2. If happens what impedes the completion of the work’s execution, according to the design he has prepared, he shall deserve the wage according to what he has performed.
Section III: Sub-Contracting
1. The contractor may entrust the execution, of the whole or part of the work, to a subcontractor unless he is precluded from so doing by a clause in the contract, or unless the nature of the work requires that he executes the work in person.
2. The contractor, in such a case, shall remain responsible towards the master of the work.
The subcontractor may not have a claim against the master, as regards the dues of the first contractor, unless the latter refers him to the master.
Section IV: The End of a Contract for Work
The contract for work shall come to an end by completing or by rescission of the contract by mutual agreement or by order of the court.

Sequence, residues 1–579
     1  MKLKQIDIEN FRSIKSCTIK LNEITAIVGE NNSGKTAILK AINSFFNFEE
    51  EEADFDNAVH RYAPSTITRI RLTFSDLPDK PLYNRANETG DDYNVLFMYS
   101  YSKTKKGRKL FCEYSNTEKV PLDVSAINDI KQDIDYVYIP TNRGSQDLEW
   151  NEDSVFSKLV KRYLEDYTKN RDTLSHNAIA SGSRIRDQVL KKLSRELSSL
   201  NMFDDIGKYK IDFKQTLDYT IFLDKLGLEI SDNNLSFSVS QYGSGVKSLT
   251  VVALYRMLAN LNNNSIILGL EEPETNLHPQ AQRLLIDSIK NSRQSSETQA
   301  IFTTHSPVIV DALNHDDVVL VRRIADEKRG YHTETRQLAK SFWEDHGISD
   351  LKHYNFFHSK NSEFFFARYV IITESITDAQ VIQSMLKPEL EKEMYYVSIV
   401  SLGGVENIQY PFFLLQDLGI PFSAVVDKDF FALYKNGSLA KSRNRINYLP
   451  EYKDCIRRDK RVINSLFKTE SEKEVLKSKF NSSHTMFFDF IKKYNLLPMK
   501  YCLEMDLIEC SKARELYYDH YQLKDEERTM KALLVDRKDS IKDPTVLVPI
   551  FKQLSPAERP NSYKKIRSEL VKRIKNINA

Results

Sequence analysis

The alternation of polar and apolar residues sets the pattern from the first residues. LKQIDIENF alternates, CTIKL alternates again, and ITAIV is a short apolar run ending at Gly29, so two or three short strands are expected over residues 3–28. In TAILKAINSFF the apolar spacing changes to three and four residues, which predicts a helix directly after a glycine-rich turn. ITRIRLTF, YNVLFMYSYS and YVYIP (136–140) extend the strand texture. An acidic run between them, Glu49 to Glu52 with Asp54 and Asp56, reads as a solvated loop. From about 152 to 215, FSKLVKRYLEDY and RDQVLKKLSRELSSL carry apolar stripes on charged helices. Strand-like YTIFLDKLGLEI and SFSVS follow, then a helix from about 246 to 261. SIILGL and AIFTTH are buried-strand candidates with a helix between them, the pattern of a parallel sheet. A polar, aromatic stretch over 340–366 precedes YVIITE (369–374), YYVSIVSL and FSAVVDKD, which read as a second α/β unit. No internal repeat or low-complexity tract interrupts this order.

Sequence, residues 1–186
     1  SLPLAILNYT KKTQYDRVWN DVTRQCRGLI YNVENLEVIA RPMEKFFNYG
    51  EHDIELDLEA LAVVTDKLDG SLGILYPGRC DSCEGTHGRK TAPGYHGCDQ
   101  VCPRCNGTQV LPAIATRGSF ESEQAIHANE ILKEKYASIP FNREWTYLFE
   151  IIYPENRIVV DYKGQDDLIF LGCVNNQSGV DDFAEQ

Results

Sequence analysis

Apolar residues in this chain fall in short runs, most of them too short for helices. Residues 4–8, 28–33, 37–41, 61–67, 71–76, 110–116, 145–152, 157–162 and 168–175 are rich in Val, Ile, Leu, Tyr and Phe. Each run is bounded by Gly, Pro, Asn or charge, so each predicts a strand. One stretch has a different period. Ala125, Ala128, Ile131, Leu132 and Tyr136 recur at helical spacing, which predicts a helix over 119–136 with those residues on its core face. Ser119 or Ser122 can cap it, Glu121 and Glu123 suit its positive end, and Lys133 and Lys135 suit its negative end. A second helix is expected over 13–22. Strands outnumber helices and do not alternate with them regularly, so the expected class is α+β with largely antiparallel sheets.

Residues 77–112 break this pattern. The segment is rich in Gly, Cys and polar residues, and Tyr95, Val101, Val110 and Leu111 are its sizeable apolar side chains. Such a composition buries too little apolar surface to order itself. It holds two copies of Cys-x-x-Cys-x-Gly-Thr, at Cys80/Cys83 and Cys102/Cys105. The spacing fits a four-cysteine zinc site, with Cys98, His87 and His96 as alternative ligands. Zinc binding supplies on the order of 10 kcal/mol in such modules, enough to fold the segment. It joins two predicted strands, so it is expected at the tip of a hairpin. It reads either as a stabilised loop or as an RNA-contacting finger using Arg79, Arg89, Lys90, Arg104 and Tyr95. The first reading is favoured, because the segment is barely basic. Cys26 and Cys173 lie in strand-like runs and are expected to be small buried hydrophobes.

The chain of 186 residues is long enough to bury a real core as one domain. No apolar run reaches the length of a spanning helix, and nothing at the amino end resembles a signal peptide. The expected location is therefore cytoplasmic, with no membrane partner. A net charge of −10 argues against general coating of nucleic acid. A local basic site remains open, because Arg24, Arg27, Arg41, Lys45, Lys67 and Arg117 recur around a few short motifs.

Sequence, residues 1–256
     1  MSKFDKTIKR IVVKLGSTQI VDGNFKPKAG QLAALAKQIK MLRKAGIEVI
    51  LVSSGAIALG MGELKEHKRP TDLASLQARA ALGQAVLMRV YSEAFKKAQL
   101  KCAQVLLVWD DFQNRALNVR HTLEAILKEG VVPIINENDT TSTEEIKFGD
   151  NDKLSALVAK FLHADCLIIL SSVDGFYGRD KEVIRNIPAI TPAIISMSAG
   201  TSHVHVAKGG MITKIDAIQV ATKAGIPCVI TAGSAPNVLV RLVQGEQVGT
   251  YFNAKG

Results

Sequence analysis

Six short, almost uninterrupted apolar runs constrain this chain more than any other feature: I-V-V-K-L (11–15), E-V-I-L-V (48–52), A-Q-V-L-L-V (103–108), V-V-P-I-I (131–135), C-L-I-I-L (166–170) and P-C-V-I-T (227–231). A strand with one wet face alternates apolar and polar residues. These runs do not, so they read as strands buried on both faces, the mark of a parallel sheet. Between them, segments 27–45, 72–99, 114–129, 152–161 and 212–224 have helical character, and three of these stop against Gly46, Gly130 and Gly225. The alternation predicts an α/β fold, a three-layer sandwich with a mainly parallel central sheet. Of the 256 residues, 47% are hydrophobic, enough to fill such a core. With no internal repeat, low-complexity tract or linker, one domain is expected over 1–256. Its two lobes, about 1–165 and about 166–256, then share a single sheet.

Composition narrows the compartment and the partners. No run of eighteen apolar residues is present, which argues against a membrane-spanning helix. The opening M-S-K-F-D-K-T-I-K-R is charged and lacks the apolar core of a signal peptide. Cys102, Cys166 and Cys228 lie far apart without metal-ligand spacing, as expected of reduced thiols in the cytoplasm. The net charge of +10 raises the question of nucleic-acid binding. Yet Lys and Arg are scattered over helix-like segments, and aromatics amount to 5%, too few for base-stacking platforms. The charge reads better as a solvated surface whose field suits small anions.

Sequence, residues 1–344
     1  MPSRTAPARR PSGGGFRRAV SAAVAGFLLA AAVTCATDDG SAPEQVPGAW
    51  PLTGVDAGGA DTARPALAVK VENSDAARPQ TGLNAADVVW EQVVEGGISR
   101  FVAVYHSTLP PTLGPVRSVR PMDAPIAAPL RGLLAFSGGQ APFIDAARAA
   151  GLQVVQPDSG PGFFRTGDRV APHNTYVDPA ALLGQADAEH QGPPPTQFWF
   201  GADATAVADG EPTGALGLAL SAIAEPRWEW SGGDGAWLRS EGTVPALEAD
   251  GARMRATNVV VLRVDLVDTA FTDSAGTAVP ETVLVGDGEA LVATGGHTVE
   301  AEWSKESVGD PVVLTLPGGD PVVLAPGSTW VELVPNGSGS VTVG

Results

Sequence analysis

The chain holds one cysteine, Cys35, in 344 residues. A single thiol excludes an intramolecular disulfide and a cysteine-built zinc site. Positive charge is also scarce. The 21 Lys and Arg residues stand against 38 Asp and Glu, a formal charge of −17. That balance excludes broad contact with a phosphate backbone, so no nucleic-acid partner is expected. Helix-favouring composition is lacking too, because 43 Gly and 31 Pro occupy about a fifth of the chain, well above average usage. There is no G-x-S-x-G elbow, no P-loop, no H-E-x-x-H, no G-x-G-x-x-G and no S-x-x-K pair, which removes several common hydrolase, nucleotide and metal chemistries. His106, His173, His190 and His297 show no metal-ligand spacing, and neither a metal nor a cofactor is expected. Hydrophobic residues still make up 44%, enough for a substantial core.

When an excuse arises that prevents the execution of the contract, or the completion of its execution, any of the contracting parties may ask for its rescission or termination, as the case may be.
If the contractor has started the execution of the work and then became unable to accomplish it, for a reason beyond his control, he shall be entitled to value of the completed work, in addition to the expenses disbursed for its execution to the extent of the benefit that the masters derives from such work.
The party prejudiced from rescission may claim compensation from the other party within the limits allowed by custom.
1. A contract for work is dissolved by the death of the contractor, if it was agreed that he executes the work in person or if his personal skill was taken into account in the contract.
2. If the contract does not include such provision, or if such personal skill was not taken into account in the contract, the master may ask for the rescission of the contract in case the heirs do not offer the necessary qualifications for the proper execution of the works.
3. In both instances, the value of the completed works and the expenses incurred shall devolve to the heirs in accordance with the contract and what is required by custom.